Brian Tan’s life completely changed when his daughter was born with Down syndrome. She became an inspiration to him. When he couldn’t find suitable toys for her in the Philippines, he decided to build them himself.
Love is the foundation
Brian Tan would do anything for his daughter. It is a belief he shares with other parents. But this man from Manila has gone further than most. Starting from scratch, Brian learned a new craft, founded his own company, and found a new passion — all for his daughter Zen.
Woodworking for children with special needs
His daughter was diagnosed with Down syndrome shortly after her birth in 2016. That moment turned everything upside down for the young family. Brian and his wife Anna Marie had many new challenges to face. Among them was finding toys suitable for a child with his daughter’s condition.
Developmental toys exist elsewhere, but were hard to source where they lived in the Philippines. Finding nothing that met their expectations, Brian took matters into his own hands in 2018.
My daughter is my inspiration.
Even though Brian wanted to build his child the toys she needed, he had no experience with the necessary tools. He went searching for help, watching internet videos and enquiring in online forums. He got tools from Bosch, because the name “stands for quality”, and built his first toy — a “Pickler Triangle” on which Zen could climb. “For me to see that she actually likes it; it was one of the best feelings in the world,” he said.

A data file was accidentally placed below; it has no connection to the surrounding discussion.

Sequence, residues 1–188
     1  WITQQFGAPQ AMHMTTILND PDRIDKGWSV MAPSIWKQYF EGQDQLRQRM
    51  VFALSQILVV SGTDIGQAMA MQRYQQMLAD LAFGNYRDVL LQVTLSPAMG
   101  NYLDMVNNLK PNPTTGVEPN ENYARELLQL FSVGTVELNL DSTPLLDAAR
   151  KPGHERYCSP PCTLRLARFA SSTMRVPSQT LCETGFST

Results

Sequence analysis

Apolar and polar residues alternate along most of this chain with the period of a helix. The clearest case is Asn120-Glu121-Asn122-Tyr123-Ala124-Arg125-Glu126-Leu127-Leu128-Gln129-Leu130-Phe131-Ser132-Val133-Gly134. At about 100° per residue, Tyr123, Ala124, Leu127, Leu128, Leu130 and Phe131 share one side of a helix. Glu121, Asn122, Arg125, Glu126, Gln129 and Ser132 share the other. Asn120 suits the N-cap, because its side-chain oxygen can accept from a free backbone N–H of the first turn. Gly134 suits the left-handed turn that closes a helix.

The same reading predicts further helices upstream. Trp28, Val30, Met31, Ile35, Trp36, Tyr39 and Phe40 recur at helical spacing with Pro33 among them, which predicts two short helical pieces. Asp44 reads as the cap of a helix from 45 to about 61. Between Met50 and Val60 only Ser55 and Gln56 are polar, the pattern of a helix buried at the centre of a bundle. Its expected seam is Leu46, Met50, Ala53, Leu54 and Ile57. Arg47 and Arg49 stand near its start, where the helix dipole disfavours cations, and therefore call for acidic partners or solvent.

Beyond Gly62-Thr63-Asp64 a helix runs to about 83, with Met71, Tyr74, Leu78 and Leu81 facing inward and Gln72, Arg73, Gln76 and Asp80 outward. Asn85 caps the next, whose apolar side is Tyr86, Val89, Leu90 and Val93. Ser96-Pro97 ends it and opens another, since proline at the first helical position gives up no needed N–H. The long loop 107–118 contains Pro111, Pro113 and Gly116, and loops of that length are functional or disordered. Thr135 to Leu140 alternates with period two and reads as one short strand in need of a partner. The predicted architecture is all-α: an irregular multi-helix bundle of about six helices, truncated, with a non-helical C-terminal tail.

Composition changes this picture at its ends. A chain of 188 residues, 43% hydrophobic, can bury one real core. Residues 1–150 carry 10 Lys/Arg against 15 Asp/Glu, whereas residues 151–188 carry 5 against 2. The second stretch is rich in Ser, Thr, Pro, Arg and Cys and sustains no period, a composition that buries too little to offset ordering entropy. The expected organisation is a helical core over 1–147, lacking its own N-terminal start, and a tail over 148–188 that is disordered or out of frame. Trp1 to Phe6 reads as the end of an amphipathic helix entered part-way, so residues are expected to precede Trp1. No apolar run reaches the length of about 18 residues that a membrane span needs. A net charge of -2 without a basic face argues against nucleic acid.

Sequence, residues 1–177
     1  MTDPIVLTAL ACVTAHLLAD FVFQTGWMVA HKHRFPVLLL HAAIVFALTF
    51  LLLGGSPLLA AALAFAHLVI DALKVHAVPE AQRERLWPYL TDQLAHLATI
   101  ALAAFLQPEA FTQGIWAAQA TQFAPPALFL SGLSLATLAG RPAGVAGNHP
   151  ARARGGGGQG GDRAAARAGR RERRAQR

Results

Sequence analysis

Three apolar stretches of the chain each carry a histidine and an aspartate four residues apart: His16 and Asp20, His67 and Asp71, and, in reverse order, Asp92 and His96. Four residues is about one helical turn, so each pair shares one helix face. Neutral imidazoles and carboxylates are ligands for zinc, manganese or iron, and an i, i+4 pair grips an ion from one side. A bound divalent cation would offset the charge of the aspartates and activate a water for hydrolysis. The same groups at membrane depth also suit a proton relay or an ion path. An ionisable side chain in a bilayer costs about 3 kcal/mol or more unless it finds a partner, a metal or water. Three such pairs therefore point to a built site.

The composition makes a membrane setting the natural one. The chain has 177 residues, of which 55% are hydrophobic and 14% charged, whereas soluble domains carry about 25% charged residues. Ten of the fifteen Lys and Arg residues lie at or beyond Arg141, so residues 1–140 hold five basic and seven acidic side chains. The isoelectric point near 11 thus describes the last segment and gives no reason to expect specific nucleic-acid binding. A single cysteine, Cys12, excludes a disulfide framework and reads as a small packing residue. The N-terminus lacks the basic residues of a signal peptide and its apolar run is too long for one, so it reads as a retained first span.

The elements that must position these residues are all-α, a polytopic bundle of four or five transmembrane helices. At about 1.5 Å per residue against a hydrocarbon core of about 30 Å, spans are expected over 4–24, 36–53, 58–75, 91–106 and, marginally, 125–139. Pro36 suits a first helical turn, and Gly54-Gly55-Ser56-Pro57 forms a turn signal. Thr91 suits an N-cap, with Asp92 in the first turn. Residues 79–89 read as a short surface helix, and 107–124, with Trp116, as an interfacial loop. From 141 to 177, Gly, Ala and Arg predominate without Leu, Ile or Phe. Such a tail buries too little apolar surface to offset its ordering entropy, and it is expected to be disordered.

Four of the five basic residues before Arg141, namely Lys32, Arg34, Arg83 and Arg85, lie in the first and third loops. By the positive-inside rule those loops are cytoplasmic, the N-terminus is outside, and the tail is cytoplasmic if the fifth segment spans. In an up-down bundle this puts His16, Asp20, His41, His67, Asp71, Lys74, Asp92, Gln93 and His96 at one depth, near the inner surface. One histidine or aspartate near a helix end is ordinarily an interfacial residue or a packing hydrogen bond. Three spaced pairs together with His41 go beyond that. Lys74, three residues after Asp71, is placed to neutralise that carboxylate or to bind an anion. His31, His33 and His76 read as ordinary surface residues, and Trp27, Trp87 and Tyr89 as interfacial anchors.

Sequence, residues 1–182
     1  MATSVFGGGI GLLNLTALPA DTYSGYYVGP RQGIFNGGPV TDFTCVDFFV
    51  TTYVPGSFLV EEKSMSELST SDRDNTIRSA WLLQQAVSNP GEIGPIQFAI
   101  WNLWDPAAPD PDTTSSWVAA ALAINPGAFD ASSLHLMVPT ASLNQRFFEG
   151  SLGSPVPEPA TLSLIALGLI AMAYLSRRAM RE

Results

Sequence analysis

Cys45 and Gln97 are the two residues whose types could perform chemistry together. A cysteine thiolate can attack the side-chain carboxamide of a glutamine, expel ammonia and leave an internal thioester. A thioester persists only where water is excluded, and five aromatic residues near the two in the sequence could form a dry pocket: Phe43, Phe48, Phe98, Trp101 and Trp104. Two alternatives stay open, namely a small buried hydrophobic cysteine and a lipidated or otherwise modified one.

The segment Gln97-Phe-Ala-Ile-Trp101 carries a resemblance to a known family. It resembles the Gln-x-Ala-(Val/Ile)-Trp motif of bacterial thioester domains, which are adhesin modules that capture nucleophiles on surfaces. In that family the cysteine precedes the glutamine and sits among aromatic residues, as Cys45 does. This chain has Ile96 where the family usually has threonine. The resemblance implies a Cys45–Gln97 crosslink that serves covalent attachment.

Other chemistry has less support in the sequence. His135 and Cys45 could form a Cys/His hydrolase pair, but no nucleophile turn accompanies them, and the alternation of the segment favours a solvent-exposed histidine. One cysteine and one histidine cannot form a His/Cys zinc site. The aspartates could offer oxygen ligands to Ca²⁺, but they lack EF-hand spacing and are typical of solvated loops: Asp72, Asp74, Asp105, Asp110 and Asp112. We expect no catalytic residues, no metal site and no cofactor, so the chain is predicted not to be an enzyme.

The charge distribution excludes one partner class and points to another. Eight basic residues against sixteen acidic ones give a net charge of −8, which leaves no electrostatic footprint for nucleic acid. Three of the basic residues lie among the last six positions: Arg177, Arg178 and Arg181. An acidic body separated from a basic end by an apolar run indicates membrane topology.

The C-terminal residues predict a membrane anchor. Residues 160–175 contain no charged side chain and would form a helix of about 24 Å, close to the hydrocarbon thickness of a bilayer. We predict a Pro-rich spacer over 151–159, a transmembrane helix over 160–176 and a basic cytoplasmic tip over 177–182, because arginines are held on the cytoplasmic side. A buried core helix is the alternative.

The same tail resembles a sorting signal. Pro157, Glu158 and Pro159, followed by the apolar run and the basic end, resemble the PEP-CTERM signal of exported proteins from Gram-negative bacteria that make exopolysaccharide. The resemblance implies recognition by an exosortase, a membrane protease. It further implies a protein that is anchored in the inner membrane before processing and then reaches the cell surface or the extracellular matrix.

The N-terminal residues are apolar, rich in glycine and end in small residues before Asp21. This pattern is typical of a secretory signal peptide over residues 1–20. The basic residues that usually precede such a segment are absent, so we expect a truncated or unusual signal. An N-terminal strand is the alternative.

Brian had worked previously as a plant manager for a factory producing hollow concrete blocks. Inspired by Zen, he kept thinking about how he could give her even more pleasure, and to other children with Down syndrome. He visualized and designed toys that were specially tailored to their wishes and abilities. “She started all of this,” he said. “Because of her special needs, we came up with building things for her development.”
New market, fresh start
Brian founded the company Dev Depot (short for Development Depot) and gained his first customers, families as well as children's institutions. He hired employees and his company grew. Brian had found his calling.
Despite some difficulties during the corona pandemic, he is very satisfied. It helps that he does not see his company primarily as a business. Rather, he is an advocate for the children he builds toys for. “What we’re trying to do is provide what’s not readily available here, especially in terms of therapy equipment,” he pointed out.
He is enthusiastic about what his work has given him. “I remember a time,” he said, “when she would wake up in the morning, and the first thing she would say is ‘up, up, up’!” She would climb the Pickler Triangle he built for her, over and over again. Thanks to his dedication, it isn’t just his daughter enjoying this feeling. Other children with her condition can learn with his special toys, and just be themselves.